You always snark on Deadline for doing the "Netflix Eyes..." posts, but you always report on them! You know why? Because people are interested! Admit it! Besides, looking past the fans who were irritated that AMC pulled a fast one on them by not solving who killed Rosie Larsen -- it was like Lucy & Charlie Brown and the football-- doesn't such a deal actually make a lot of sense for both AMC and Netflix? A lot of the trade press thinks so.
I have no problem admitting the "Netflix (or Amazon, or Hulu or <insert other streaming services here> Eyes [insert canceled show here]" stories are interesting -- sometimes very interesting -- and that people are interested in them. That is indeed why we cover them. Further, I have no problem believing that the number of canceled TV shows that Netflix (or Amazon, or Hulu or <insert other streaming services here> eyes (or at least gives a quick sniff test to) is a much higher number than will ever actually be resurrected by the streaming services. But for me (and perhaps only me) some of the reported eye-ings (notably '') strain credulity.
Indeed I have seen a few of the trade press posts that think resurrecting 'The Killing' would be a good move for both Netflix and AMC.
It's clear to me under the right terms that it could make a lot of sense for AMC. They'd get piles of cash from Netflix -- in any such deal Netflix would have to license the first two seasons of 'The Killing.' AMC would also get the potential benefit of the that licensing, which, at least theoretically is that people flock to Netflix to catch up on the show's first two seasons and then line-up to watch season 3 on AMC thus boosting the actual TV ratings.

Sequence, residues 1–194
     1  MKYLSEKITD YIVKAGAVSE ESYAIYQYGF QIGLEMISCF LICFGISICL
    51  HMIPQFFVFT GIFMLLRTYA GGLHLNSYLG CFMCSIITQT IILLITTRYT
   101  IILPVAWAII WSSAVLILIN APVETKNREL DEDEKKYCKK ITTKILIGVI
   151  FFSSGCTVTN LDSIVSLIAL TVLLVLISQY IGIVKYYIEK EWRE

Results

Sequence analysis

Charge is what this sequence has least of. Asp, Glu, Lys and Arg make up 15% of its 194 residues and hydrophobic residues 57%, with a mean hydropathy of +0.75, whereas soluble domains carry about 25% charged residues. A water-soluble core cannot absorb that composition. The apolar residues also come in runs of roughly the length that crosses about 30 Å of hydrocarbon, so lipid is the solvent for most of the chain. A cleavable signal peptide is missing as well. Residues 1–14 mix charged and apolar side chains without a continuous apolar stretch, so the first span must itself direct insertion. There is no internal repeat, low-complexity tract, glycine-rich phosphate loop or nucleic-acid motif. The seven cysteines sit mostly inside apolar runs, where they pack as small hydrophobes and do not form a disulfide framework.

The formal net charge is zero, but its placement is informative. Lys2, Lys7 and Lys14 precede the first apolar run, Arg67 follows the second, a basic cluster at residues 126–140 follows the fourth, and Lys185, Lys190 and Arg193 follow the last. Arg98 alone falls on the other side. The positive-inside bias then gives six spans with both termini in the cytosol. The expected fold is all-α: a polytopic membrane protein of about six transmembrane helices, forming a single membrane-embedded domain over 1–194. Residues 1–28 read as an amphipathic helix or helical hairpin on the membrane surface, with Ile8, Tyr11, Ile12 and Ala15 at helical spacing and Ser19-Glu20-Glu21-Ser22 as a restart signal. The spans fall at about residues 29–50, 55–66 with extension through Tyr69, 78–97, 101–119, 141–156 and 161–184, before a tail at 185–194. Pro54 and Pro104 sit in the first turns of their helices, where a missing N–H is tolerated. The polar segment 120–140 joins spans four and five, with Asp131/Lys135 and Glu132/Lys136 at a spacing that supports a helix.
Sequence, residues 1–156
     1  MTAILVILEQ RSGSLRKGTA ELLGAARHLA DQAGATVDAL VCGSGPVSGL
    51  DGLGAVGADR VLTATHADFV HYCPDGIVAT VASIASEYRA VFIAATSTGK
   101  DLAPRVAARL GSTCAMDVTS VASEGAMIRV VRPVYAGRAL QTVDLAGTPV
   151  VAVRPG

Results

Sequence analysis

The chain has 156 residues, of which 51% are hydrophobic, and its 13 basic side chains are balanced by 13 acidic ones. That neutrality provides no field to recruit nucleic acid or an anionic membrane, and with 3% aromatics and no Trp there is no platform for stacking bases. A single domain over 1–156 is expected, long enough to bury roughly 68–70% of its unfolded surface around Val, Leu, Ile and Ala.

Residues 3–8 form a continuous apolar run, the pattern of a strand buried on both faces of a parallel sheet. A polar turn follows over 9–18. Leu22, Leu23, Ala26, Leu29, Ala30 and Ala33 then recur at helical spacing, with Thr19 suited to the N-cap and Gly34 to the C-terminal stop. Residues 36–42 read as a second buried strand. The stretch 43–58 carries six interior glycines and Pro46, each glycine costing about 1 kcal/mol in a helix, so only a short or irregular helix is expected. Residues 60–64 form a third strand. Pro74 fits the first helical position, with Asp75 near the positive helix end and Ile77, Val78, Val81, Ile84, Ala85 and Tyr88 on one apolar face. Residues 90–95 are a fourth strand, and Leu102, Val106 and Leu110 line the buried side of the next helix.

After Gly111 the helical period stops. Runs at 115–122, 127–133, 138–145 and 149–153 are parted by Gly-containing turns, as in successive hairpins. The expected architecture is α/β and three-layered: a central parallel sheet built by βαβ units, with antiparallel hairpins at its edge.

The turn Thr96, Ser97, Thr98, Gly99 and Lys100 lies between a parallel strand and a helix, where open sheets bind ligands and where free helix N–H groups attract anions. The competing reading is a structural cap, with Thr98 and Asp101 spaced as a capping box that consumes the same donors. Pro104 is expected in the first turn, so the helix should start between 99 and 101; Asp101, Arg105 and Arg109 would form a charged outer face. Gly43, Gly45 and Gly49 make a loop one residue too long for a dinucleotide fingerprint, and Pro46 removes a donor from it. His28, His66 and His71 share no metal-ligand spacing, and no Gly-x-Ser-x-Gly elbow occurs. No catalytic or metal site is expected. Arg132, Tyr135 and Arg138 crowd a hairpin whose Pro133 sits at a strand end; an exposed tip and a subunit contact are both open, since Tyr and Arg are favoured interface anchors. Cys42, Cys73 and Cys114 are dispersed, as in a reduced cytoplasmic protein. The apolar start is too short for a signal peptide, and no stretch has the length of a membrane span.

There's certainly at least an anecdotal case to make that very heavily serialized shows do see bumps in TV ratings when prior seasons are available on Netflix and/or other streaming services. AMC has seen that first hand with '' and ' ' and FX's ' ' also comes to mind.
In the deal being hashed out, at least as reported, AMC still gets the exclusive first window for the new episodes. Netflix would probably get the streaming exclusive -- at least for a while - for the old and new episodes, but I don't see that being a big "get" for Netflix in terms of subscriber acquisition or moving the needle in terms of the competitive landscape for streaming services.
As a result, I can envision deals that make sense for AMC, but at the financial terms that would make sense for AMC, I wonder if they make sense for Netflix. Given the relative paucity of interest in 'The Killing' in general, I'm not sure there's really a compromise position that makes good sense for both sides. We'll have to wait and see.